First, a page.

There are also metal posts that you can use. To make it super easy, you can purchase ready-to-assemble walk-in runs for your ducks, like the one below. They come with a galvanized pipe steel frame, a lockable door, and often with a cover. They come in a lot of different sizes. But you need to assemble them yourself, which can be a bit of work and needs more than one person. The disadvantage of these is that they usually come with chicken wire for the sides, but hardware cloth would be better.

When it comes to the coop (the house for the night), they are best made entirely of wood. Use wood panels or OSB panels for the sides, the bottom, and the roof. This gives extra protection from the elements and predators. Make sure that you have enough ventilation for your ducks. Ducks produce a lot of moisture and, therefore, need good ventilation. The opening for ventilation should be covered with hardware cloth for protection against small predators like weasels or snakes. The door should be closable and have a latch or lock. Often, the door is used as the ramp when open.

closeup coop window
Coop window covered with hardware cloth.

You can also purchase a coop at local farm stores or online. Since there are not too many coops specifically for ducks available, you should look for chicken coops instead. Just ensure they are not too high because ducks do not like long and steep ramps.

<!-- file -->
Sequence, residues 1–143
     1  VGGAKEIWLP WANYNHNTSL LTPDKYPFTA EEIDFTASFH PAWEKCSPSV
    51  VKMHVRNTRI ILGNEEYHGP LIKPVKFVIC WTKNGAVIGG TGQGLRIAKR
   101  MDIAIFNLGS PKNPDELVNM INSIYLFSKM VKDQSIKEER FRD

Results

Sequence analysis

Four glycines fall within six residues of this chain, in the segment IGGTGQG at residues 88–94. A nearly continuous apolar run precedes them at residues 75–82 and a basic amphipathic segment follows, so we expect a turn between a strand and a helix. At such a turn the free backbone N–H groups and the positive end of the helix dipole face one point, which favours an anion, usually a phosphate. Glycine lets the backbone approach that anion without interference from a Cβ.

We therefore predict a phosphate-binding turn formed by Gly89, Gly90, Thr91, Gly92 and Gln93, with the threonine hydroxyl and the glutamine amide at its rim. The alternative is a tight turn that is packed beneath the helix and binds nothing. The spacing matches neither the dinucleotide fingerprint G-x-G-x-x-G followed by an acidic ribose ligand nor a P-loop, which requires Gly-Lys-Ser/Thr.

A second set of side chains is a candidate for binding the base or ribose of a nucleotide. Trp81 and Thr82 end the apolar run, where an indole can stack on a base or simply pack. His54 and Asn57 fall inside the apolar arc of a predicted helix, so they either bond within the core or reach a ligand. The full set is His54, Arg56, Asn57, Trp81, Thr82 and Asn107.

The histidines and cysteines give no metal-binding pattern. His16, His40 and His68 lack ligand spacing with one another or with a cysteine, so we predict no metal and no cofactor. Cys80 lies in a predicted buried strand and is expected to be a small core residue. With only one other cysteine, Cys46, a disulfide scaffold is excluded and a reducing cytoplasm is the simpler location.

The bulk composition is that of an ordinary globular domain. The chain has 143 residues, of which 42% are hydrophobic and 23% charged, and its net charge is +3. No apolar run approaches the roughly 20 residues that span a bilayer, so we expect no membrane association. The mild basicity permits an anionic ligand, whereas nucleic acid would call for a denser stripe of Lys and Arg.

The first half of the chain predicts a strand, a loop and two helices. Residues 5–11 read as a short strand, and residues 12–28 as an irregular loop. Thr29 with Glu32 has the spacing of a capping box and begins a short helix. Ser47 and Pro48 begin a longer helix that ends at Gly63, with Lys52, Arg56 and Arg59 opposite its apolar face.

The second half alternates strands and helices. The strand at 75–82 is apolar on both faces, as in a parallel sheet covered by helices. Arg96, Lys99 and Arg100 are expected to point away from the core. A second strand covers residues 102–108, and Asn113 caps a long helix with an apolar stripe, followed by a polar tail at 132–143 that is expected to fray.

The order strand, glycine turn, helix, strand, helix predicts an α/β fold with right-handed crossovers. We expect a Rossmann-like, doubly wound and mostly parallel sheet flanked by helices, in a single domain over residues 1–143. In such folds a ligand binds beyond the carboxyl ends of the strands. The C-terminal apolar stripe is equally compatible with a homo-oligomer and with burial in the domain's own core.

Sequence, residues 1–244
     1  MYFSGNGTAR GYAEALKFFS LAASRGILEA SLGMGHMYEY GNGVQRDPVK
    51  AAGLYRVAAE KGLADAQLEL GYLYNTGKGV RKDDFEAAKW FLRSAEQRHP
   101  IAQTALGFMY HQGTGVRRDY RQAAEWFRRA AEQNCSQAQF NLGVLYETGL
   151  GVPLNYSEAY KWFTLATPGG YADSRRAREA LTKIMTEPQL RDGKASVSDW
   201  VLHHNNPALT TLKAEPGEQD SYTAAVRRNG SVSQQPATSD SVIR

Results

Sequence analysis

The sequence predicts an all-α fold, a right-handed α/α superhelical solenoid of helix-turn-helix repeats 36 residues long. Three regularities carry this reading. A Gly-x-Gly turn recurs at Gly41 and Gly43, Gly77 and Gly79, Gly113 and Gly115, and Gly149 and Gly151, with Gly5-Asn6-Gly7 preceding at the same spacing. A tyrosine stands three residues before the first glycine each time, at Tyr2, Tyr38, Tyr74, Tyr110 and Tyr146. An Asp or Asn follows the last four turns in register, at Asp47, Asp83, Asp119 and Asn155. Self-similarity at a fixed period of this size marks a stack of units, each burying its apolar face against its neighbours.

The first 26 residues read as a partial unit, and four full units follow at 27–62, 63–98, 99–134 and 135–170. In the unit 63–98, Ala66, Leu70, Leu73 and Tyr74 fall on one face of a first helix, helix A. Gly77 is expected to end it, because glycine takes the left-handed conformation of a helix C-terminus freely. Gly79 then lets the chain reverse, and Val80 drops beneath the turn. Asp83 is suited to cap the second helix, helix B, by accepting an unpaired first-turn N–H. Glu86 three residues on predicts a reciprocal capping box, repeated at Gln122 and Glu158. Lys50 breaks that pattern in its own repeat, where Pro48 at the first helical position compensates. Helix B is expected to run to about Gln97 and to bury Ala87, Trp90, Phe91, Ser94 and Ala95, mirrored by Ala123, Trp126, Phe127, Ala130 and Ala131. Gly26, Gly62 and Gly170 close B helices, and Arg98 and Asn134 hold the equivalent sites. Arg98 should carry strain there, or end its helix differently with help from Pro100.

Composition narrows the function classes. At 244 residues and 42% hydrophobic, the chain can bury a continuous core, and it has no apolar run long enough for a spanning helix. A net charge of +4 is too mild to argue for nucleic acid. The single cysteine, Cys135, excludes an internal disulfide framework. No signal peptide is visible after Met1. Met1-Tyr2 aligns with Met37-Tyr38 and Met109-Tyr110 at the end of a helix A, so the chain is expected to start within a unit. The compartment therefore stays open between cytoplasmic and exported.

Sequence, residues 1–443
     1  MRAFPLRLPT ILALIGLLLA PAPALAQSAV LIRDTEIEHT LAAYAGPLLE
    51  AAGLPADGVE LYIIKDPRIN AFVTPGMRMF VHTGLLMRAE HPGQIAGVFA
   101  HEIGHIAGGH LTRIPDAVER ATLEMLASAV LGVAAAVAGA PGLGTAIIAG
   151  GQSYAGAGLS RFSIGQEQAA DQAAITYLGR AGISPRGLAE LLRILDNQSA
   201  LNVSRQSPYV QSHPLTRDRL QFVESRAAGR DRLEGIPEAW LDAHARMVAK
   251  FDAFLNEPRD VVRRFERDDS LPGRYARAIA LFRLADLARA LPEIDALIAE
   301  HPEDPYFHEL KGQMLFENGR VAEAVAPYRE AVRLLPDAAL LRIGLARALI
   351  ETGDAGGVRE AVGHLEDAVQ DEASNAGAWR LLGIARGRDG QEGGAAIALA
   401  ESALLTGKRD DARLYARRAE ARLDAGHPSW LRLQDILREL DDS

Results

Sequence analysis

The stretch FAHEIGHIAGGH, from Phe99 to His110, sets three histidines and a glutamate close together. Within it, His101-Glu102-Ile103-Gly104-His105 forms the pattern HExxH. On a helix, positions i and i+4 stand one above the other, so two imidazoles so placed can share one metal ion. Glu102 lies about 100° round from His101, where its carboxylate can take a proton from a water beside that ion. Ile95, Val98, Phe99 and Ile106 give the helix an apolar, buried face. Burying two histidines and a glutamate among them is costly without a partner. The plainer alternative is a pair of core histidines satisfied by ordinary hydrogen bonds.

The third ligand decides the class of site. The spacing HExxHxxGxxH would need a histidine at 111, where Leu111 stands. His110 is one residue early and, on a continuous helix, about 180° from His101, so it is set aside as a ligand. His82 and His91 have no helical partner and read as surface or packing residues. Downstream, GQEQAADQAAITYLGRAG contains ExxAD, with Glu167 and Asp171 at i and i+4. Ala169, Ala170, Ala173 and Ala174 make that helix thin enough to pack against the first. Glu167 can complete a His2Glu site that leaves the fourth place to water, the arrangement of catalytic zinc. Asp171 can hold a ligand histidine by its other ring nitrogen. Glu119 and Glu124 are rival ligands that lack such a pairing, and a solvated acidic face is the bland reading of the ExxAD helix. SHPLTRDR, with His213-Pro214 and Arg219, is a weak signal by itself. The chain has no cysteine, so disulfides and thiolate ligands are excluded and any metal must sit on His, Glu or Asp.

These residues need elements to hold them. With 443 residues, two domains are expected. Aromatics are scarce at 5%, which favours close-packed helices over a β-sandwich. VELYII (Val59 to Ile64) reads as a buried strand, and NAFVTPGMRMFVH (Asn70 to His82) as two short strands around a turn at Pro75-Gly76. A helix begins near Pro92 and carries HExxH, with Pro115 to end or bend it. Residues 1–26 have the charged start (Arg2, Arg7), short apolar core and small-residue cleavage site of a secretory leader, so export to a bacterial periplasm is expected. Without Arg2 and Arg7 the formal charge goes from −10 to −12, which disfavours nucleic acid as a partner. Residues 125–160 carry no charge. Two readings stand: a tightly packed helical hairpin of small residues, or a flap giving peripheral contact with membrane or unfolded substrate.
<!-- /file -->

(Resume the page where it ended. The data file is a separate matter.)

Unlike chickens, ducks do not need to perch, so there is no need to install anything. If the coop comes with nesting boxes, don’t install them. Ducks will also use the nesting boxes when they are at ground level.

A tour of our duck coop

What material Should be used for openings and sides?

Hardware cloth is the material of choice. Chicken wire may keep your ducks inside but is not strong enough to keep predators out. Even raccoons can rip it apart. They may also be able to reach through the mesh and injure your ducks.

Poultry DVM also has a great article on tips for protecting chickens and ducks from predators.

You can use chicken wire or wire mesh when you plan to cover these parts of your run with a tarp. This will then give the extra layer of protection. Chicken wire alone will not be sufficient, though. In our case, we have hardware cloth at the bottom, around 5 feet high, and chicken wire on the roof. The chicken wire is covered with a bamboo mat and a tarp during winter.

The hardware cloth should be 1/2-inch and galvanized. It is strong enough to withstand most small—to mid-sized predators. The mesh size is fine enough that they can not reach in with their paws to injure your ducks. It is also small enough that smaller predators like weasels or snakes can’t sneak through. The 1/4-inch hardware cloth is often not strong enough because the wires used to make it are thinner.

The hardware cloth should be tightly attached to the wood frame without leaving any bigger gaps. We used a staple gun to attach the hardware cloth to the wood frame, but U-shaped nails will also work.

Do I need a cover?

Yes, the ducks need to be protected from the top as well. Birds of prey could otherwise easily scoop your ducks. Other predators that are good at climbing, such as raccoons, bobcats, or even cougars, could also quickly get into the run if there was no cover on the top. Some predators, like foxes, also jump relatively high. A robust Avian netting might be okay if you are only concerned about hawks or something similar. But in most cases, you will have other predators as well.